Monday, 18 March 2013

SAAF Mirage F1 (Part 1)

Mirage F1 Development History and SAAF Early Days


  The Mirage F1 came about as successor to the Mirage III for the French Air Force in the late 1960s.

A variety of new technologies were evaluated and tested including vertical take-off and swing-wing configurations. Dassault Industries developed the F1 as a private venture, providing a cheaper multi-purpose aircraft, designed to obtain the best operational radius and efficiency and offering the widest versatility possible at the time..

The idea was that even a small fleet of these aircraft should represent an important military threat, as later proved later in Angola! It was to be able to operate from remote and short rough air strips, with a  low landing speed (145 knots). It needed comparatively little ground equipment, and had a self starter. It offered a short turn-around time of about 15 minutes between two identical missions, and pressure refueling took only six minutes! An engine change involving four men took only about three hours.

The SDAP automatic testing unit enabled automatic trouble shooting in the field. The GAMO alert unit allowed the Mirage F1 to be scrambled in less than 2 minutes. Thus it was to prove an ideal 'Bush' warfare aircraft capable of operating for extended periods away from it’s home base, as was the case for the SAAF operating in Namibia.

The French Mirage F1C prototype first flew on the 23rd of December 1966 at Melun-Villaroche, piloted by Dassault chief pilot, René Bigand, reaching Mach 2 on the 4th flight.

Flight trials continued until, during a low-altitude high-velocity pass, the horizontal stabilizers of Mirage F1-01 broke away due to a divergent vibration phenomenon called ‘flutter’ and the aircraft struck the ground near Fos-sur-Mer, killing René Bigand. Despite the accident, notification was given of an order for three pre-production aircraft: the Mirage F1-02, 03 and 04 with the Atar 9 K 50 jet engine.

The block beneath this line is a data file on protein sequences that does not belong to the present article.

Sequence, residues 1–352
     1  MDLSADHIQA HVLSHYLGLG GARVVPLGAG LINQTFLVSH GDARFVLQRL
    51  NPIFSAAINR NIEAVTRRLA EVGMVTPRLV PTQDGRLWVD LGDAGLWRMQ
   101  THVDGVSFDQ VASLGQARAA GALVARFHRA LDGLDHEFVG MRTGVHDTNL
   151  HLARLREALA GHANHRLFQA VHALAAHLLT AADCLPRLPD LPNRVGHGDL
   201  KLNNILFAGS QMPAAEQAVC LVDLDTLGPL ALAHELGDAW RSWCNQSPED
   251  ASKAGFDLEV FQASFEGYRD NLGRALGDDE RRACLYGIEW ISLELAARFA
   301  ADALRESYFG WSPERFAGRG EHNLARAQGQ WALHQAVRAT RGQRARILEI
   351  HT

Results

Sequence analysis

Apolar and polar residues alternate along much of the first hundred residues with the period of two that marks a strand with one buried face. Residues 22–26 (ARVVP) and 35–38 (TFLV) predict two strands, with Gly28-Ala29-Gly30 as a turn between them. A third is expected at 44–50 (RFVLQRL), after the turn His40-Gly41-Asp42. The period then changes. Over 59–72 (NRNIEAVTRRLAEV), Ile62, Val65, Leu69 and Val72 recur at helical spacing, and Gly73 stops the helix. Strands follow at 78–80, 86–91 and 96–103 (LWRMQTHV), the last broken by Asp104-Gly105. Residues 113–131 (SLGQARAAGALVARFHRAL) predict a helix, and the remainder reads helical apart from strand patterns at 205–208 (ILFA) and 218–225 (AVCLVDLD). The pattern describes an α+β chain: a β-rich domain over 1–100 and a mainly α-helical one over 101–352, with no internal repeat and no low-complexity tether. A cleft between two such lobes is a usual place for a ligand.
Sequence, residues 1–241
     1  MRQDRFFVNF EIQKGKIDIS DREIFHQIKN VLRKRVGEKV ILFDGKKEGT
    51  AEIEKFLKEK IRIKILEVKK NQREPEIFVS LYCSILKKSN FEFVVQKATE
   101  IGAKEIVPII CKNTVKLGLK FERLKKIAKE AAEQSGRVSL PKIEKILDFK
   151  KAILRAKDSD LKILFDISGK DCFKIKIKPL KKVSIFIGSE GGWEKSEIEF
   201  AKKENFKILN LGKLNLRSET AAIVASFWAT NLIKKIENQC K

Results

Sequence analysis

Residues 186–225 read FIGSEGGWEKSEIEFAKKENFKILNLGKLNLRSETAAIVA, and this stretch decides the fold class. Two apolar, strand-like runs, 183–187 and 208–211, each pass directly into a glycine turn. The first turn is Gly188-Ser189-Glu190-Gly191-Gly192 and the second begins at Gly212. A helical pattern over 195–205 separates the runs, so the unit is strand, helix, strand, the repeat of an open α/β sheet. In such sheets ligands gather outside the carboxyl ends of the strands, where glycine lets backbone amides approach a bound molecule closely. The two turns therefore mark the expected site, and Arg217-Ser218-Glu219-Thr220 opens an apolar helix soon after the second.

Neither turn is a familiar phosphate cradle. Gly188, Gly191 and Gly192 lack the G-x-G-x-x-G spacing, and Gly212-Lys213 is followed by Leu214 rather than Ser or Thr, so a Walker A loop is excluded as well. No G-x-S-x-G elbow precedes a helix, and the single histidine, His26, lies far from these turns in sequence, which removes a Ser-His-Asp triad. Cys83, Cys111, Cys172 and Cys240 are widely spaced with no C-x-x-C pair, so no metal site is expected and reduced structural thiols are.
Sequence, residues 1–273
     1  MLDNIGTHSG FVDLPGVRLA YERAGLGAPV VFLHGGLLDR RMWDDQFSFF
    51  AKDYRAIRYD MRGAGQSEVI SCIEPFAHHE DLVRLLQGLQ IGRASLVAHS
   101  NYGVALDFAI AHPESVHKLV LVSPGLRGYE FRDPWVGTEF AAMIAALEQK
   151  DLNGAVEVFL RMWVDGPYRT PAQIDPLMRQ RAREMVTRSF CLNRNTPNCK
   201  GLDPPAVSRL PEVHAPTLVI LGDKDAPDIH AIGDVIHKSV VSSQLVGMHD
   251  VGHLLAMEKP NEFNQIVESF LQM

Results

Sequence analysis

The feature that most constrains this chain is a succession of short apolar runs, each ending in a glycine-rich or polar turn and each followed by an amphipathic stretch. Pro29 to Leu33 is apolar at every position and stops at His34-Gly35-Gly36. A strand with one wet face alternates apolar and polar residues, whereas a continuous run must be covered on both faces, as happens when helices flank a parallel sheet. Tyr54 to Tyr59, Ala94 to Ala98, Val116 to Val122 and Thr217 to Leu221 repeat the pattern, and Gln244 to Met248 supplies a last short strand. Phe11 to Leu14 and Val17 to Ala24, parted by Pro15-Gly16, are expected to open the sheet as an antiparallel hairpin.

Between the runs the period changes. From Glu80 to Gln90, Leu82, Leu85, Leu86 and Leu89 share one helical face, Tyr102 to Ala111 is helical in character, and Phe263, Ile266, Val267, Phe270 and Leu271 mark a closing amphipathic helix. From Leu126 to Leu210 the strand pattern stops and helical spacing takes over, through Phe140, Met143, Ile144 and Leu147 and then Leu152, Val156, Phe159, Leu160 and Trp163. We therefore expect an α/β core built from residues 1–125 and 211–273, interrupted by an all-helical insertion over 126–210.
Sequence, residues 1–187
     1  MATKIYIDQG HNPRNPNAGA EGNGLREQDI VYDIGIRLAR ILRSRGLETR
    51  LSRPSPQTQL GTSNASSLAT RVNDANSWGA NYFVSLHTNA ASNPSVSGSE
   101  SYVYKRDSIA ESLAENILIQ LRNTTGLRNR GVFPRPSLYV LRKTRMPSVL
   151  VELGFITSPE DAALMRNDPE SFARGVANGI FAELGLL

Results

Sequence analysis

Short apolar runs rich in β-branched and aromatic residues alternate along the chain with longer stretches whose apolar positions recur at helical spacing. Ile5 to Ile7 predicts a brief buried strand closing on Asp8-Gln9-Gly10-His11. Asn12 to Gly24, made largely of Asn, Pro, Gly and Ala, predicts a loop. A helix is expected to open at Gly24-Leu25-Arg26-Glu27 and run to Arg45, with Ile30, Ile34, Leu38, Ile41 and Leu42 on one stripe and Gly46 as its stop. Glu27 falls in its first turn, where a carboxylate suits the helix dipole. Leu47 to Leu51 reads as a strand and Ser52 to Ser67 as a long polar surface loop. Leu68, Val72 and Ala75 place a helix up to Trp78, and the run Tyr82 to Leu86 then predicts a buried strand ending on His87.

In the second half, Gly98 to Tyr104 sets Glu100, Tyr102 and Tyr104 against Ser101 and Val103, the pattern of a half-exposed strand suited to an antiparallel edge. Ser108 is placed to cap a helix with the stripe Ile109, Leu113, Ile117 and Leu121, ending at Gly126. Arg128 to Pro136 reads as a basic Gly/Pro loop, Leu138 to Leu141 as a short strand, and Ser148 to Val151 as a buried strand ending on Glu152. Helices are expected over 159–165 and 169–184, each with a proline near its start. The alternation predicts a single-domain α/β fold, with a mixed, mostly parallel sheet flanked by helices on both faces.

During September 1967, the French Air Force expressed interest on the Mirage F1C as an all weather interceptor, carrying the Cyrano IV radar. The second prototype F1-02 first flew in March 1967 and the third in September 1969. On the 17th June 1970, the final prototype F1-04 flew. This became the production version.

Characteristics and performance
Wingspan8.40 m
Length15 m
Unladen 7 400 kg
Max. Speed> Mach 2Top mach level flight
Max. height18 500 m / 60 700 ftPractical ceiling
TypeSnecma Atar 9 K 50 70.6 kN

French Combat Experience:
The French Air Force Mirage F1C first saw combat during Operation Manta in August 1983, strafing an enemy column. The French intervened in the Chad, to counter growing Libyan encroachment. Four Mirage F1C-200s provided air cover for a force of four Jaguars, and took part in skirmishes against the pro-Libyan GUNT rebels.

In 1986, French Mirage F1s returned to Chad, as part of Operation Epervier, with four F1C-200s providing fighter cover for a strike package of eight Jaguars during the air raid against the Libyan airbase at Ouadi Doum, on February 16. Two F1CRs also flew pre and post-strike reconnaissance missions.